Welcome To The Bridge Starter Era
MLB teams are facing a real dilemma. I’m just not sure if any of them realize it yet. Teams have to cover 1,458 innings next year if a full 162 game season gets played. We’re coming off a season a 60 game season where starters who normally crossed the 200 inning threshold now threw maybe 60 total innings.
Have teams thought about the fact that maybe their entire rotation is totally out of wack and could be totally unprepared to handle a full season? The sport is about to change and I’m not sure how many teams are truly ready for it. The era of the bridge starter begins now.
The average starter a year ago averaged fewer than 5 innings a year ago. We would have mocked that guy 20 years ago. Now it’s the sport. It’s possible even the best of the best aren’t pitching deep into games because they won’t be ready for a full workload after a shortened season. Teams must be ready to equip their rosters with that in mind.
Someone like Rich Hill becomes super valuable. We’re all just waiting for Hill to show his age but the man continues to fool hitters with his looping curveball. Hill, 40, is also coming off a season pitching towards an ERA of 3.03.
More importantly, Hill can make spot starts or come out of the bullpen to eat innings. Hill can be someone where you hand him the ball and say the 4th-7th inning are his. Maybe Hill isn’t built to pitch 200 innings but he can serve as an 80 inning multi-inning weapon. That’s what the sport is turning into.
Former starters with plus stuff that can eat multiple innings are now becoming very valuable. 2021 is going to be about innings, not about getting quality starts. Sure, there are guys like Jacob deGrom but they are a dying breed. It’s going to be challenging for even the best of the best to return to their normal workload after the shit show of the 60 game season.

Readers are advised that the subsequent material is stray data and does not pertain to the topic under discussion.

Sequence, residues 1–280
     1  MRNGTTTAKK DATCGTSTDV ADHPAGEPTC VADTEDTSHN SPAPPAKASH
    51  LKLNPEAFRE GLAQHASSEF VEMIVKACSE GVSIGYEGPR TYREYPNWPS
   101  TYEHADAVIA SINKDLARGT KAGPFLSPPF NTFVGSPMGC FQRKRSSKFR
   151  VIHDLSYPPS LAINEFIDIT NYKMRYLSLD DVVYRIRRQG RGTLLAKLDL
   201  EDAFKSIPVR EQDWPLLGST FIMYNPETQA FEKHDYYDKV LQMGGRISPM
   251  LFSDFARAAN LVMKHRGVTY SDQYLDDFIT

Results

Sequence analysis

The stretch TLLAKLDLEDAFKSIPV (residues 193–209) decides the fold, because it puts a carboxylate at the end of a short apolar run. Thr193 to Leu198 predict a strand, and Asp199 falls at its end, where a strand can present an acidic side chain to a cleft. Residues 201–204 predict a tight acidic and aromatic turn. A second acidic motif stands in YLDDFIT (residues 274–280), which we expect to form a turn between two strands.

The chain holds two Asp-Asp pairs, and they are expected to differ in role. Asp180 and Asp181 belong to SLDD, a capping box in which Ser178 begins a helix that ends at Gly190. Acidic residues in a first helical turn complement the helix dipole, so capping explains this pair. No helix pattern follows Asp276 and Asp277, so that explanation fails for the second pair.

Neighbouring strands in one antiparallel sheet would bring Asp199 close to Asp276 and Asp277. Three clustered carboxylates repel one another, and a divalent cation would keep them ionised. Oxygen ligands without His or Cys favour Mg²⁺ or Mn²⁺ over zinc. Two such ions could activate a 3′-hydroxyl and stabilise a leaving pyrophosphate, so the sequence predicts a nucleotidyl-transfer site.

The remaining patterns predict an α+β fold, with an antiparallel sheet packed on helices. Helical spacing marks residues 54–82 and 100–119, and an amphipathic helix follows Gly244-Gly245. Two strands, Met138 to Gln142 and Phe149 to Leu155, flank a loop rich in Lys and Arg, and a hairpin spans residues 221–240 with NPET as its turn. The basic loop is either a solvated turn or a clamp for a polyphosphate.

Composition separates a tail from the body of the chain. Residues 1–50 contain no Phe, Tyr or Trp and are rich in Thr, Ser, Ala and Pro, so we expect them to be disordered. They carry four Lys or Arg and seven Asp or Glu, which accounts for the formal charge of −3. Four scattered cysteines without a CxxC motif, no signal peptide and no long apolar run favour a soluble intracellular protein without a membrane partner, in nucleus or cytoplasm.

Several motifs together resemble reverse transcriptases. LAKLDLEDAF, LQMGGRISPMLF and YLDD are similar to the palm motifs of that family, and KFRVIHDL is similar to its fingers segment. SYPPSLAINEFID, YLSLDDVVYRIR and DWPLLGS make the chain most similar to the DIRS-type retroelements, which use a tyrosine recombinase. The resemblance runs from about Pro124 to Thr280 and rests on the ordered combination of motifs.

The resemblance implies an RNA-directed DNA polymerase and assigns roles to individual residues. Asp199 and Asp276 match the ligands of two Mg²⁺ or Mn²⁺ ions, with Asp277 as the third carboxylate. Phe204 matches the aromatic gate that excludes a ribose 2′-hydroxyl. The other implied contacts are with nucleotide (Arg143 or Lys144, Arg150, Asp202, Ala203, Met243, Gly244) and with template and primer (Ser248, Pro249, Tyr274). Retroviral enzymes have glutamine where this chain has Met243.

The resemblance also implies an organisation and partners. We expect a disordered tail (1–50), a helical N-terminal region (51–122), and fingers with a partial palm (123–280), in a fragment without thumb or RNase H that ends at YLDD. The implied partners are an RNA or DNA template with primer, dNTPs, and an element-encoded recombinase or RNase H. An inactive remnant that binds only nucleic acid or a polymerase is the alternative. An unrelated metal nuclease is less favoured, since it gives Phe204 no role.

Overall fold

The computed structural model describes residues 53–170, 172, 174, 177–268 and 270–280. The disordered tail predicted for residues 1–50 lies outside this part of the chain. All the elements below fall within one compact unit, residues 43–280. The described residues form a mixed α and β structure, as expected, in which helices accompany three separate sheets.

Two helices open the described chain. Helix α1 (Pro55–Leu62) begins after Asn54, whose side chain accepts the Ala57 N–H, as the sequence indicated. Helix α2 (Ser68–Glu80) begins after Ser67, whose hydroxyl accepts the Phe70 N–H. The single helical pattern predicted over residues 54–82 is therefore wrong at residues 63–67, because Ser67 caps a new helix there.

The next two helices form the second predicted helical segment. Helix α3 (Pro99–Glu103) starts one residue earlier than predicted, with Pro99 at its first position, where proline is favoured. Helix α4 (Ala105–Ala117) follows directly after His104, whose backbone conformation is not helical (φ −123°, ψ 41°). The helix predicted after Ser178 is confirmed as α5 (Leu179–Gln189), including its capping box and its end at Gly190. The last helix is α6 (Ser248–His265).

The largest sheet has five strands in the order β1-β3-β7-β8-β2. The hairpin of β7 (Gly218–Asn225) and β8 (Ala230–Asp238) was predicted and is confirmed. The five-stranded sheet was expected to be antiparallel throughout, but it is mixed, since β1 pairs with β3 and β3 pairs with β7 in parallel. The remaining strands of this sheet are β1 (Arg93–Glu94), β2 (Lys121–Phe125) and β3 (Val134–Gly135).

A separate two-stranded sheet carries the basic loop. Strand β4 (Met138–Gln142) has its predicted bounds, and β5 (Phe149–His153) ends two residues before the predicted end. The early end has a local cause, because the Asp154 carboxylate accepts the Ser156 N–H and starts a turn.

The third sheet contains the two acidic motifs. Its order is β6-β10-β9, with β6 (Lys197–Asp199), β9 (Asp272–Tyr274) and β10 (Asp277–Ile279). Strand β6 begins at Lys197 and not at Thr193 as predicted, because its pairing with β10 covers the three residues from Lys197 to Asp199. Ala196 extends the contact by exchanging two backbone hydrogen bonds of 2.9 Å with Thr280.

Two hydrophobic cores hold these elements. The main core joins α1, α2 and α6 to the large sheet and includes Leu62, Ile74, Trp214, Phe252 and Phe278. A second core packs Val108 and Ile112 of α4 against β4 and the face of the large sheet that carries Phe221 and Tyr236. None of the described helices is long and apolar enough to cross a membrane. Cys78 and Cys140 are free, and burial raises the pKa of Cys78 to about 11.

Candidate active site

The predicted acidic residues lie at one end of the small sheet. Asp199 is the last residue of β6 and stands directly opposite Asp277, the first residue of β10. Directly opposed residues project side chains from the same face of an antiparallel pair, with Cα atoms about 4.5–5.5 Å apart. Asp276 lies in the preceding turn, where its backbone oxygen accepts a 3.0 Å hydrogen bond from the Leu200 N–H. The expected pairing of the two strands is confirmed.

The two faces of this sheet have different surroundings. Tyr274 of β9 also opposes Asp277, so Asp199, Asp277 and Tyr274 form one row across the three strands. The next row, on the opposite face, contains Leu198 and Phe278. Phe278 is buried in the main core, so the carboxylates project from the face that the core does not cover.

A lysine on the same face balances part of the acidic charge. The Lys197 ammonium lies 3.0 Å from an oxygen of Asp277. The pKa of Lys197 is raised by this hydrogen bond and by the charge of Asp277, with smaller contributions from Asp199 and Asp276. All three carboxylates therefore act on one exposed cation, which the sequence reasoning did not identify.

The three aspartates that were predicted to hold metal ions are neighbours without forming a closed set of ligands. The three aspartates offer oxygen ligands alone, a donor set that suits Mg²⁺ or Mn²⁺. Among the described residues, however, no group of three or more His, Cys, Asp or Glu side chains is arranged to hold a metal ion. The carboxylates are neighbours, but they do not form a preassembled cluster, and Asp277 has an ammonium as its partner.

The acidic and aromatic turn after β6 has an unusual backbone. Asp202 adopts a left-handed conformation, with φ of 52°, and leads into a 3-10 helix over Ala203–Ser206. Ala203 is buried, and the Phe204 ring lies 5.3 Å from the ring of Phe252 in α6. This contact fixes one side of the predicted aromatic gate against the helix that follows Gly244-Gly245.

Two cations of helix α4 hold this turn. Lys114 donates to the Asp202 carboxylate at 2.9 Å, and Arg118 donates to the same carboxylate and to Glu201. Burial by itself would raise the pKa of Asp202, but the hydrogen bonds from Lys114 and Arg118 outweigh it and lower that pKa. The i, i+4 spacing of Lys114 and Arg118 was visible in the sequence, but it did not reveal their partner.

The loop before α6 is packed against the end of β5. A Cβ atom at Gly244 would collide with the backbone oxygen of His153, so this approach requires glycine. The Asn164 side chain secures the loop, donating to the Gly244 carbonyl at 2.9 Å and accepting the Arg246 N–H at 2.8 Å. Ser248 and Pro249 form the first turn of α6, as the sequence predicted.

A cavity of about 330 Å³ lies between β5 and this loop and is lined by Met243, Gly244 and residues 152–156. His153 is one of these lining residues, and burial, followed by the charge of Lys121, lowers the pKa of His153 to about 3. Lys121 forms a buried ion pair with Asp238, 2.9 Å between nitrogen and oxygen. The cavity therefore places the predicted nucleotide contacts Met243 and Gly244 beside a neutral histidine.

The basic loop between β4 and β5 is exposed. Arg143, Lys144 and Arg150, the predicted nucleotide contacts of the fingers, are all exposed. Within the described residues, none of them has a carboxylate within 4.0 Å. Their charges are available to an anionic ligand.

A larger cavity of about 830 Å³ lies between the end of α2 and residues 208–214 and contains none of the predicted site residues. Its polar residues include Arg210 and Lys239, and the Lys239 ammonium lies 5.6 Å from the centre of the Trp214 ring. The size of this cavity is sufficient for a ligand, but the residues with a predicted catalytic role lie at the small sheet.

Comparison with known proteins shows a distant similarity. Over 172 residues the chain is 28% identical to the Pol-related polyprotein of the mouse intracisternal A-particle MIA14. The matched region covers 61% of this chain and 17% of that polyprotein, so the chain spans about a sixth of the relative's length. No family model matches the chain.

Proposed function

Jose Urena is another example. Teams need to take fliers on these type of players. Urena was the Marlins opening day starter in 2018 but has sort of fell off the map the past two years. He’s also someone I’ve seen pitch at a high level in the past. Could his stuff play up in a bullpen role where he only has to pitch two innings?
That’s what the Mets are betting on after signing Trevor May to a contract this offseason. May was a failed starter with Minnesota but turned into a bullpen weapon that features an array of pitches.
It’s going to be a marathon, not a sprint to postseason play and I’m not sure anybody is ready for it after a short season. Burning through a bullpen in June could cost you a championship in October. Teams better be prepared to cover innings that starters otherwise would in other years. Are teams ready for the bridge starter era?